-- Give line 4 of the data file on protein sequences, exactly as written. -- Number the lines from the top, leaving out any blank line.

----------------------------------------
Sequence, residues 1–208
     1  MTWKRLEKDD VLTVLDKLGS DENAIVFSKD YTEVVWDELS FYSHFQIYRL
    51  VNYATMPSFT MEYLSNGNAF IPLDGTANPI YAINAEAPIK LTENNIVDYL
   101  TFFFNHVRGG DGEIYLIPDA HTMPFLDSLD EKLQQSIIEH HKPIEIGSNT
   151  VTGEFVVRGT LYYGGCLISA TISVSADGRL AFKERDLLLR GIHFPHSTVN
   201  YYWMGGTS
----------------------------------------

   101  TFFFNHVRGG DGEIYLIPDA HTMPFLDSLD EKLQQSIIEH HKPIEIGSNT